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Bernie Sanders (and 2 Million Angry Americans) Versus the Billionaires | The Nation

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John Nichols

John Nichols

Breaking news and analysis of politics, the economy and activism.

Bernie Sanders (and 2 Million Angry Americans) Versus the Billionaires

If two dozen billionaires were using their wealth to effectively buy the 2012 election, it would be time for patriots to mount a bold response on behalf of democracy itself.

Well, that time has come.

US Senator Bernie Sanders, I-Vermont, revealed for the first time in Senate testimony Tuesday that at least twenty-three billionaire families have contributed a minimum of $250,000 each so far in this year’s campaigns.

“My guess is that number is really much greater because many of these contributions are made in secret. In other words, not content to own our economy, the 1 percent want to own our government as well,” Sanders told the Senate Judiciary Committee’s Subcommittee on the Constitution, Civil Rights and Human Rights.

The subcommittee’s “Taking Back Our Democracy: Responding to Citizens United and the Rise of Super PACs” hearing provided an important point of reflection on the crisis created in the 2012 election cycle by what the progressive reformers of a century ago described broadly—and accurately—as “the money power.” In addition to Sanders, testimony was provided by other backers of amending the Constitution to overturn recent US Supreme Court decisions that have eliminated barriers to the dominance of elections by corporations and the wealthy, including Congresswoman Donna Edwards, D-Maryland, and Harvard Law School professor Lawrence Lessig.

The sense of urgency regarding money in politics was heightened Tuesday as petitions signed by 1,959,063 Americans who want Congress to act to “restore the democratic promise of America” were delivered by a broad consortium of groups that favor a constitutional amendment.

Sanders, who has emerged as an outspoken challenger of “the money power” not just in politics but in public life more generally, was characteristically blunt about the role that campaign spending is playing not just in politics but in the expansion of economic inequality in America—a country where the wealthiest 400 individuals own more wealth than the bottom 150 million Americans.

“What the Supreme Court did in Citizens United is to say to these same billionaires and the corporations they control: ‘You own and control the economy, you own Wall Street, you own the coal companies, you own the oil companies. Now, for a very small percentage of your wealth, we’re going to give you the opportunity to own the United States government.’

“That is the essence of what Citizens United is all about—and that’s why it must be overturned,” said Sanders, who has proposed a constitutional amendment to restore equal free-speech rights to all citizens.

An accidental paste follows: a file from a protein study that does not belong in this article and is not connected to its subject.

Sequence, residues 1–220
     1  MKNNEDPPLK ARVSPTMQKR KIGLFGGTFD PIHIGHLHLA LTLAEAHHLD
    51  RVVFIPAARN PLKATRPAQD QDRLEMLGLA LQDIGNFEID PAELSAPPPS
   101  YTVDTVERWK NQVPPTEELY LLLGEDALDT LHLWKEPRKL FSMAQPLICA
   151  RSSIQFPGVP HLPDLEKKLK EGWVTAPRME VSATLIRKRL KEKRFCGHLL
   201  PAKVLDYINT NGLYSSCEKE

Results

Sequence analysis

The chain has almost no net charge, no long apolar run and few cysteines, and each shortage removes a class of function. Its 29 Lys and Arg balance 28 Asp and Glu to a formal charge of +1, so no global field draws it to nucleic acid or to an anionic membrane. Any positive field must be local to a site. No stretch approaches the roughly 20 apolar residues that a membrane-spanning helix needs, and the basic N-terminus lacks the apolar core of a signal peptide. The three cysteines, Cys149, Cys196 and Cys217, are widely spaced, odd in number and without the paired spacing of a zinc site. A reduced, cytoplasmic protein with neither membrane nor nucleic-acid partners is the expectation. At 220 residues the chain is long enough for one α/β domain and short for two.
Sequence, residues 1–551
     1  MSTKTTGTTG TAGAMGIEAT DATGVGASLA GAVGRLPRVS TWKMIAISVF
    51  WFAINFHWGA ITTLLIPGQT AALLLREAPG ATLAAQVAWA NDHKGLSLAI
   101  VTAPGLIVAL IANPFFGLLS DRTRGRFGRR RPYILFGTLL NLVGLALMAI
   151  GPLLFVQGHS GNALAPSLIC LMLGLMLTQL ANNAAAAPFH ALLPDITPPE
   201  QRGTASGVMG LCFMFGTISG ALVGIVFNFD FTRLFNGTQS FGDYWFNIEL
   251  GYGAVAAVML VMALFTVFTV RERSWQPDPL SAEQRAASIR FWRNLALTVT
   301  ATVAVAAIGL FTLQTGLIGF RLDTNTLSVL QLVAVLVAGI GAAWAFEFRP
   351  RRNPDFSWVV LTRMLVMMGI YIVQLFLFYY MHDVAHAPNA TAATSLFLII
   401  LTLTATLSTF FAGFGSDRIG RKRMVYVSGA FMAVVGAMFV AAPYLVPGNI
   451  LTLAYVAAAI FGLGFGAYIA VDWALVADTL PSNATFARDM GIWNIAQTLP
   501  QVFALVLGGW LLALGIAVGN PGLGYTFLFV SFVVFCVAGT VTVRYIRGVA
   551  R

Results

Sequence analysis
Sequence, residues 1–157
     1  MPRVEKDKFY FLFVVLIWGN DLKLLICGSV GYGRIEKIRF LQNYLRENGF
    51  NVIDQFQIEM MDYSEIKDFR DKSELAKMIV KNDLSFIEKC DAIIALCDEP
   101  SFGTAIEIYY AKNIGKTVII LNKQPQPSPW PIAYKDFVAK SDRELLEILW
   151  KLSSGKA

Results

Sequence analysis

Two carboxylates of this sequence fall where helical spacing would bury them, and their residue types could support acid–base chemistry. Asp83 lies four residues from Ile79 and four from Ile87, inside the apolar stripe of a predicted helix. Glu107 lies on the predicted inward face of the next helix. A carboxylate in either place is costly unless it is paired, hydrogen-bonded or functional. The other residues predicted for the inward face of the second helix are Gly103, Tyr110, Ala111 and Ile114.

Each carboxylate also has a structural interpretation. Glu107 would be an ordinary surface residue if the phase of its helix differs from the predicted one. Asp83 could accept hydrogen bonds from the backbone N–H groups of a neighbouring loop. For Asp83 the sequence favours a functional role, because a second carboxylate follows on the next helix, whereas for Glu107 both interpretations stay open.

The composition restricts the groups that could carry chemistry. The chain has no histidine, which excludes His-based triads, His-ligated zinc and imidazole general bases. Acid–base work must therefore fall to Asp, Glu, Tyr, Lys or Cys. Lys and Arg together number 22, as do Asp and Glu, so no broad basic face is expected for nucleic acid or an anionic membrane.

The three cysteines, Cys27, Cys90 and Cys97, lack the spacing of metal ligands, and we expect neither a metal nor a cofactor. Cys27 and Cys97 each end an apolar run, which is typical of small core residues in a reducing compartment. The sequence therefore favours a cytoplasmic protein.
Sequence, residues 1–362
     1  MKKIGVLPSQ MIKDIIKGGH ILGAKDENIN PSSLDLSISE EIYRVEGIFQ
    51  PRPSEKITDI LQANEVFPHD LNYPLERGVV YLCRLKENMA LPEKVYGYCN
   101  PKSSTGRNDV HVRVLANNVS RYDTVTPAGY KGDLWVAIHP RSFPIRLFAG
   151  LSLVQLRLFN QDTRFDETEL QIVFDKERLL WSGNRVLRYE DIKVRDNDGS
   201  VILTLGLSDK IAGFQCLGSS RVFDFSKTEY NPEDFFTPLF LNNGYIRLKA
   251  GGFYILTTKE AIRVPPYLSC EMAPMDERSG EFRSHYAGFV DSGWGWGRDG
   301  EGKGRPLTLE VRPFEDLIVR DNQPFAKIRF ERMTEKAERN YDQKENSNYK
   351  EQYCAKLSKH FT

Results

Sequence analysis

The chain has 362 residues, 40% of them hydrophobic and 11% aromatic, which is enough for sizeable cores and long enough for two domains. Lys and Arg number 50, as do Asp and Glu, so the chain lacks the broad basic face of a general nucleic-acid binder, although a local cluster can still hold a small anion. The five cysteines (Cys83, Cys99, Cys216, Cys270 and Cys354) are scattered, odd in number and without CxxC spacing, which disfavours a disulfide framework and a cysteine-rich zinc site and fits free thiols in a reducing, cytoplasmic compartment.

The senator’s “Saving American Democracy Amendment” (along with a House measure sponsored by Congressman Ted Deutch, D-Florida), would affirm “that for-profit corporations are not people, that they are not entitled to any rights under the Constitution, that they are subject to regulation by state legislatures consistent with free press protections, and that they are prohibited from making contributions or expenditures in political campaigns.”

In addition, the amendment would restore tha authority of the elected representatives of the American people—at the national and state levels—to regulate and limit all political expenditures and contributions.

“I’m proud to say the American people are making their voices heard on this issue—they are telling us loud and clear it is time to reverse the trend,” said Sanders, who noted that Vermont and five other states have adopted resolutions asking Congress for a constitutional amendment to overturn the Citizens United decision, as have more than 200 local governments nationwide.

To learn more about grassroots efforts to generate support for amending the Constitution to restore equal free speech for Americans, check out Democracy Is For People, which has been active in organizing in Vermont (where sixty towns backed amendment resolutions) and other states. Or check out the work of Move to Amend and Free Speech for People.

Echoing Sanders’s themes, many of the groups that were involved in the drive to collect the almost 2 million pro-amendment signatures on the petitions delivered Tuesday have adopted a “United for the People” common statement of purpose that sums things up well.

“The Supreme Court’s ruling in Citizens United v. FEC has focused America’s attention on the dangerous influence of corporate power in our democracy and the urgency of taking all necessary measures to undo that influence, including amending the Constitution,” the statement declares. “Generations of Americans have amended the Constitution over the years to ensure that ‘We the People’ means all the people, not just the privileged few. The Citizens United case, which opened the floodgates to unlimited corporate spending to influence elections at all levels of government, has brought home the importance of amending the Constitution to ensure that ‘We the People’ does not mean we the corporations. We believe that America works best when our government is of, by and for the people. Although we have differences in scope and tactics, all of us are united in the understanding that the Court’s decision in Citizens United and related cases must be remedied by amending the Constitution in order to restore the democratic promise of America.”

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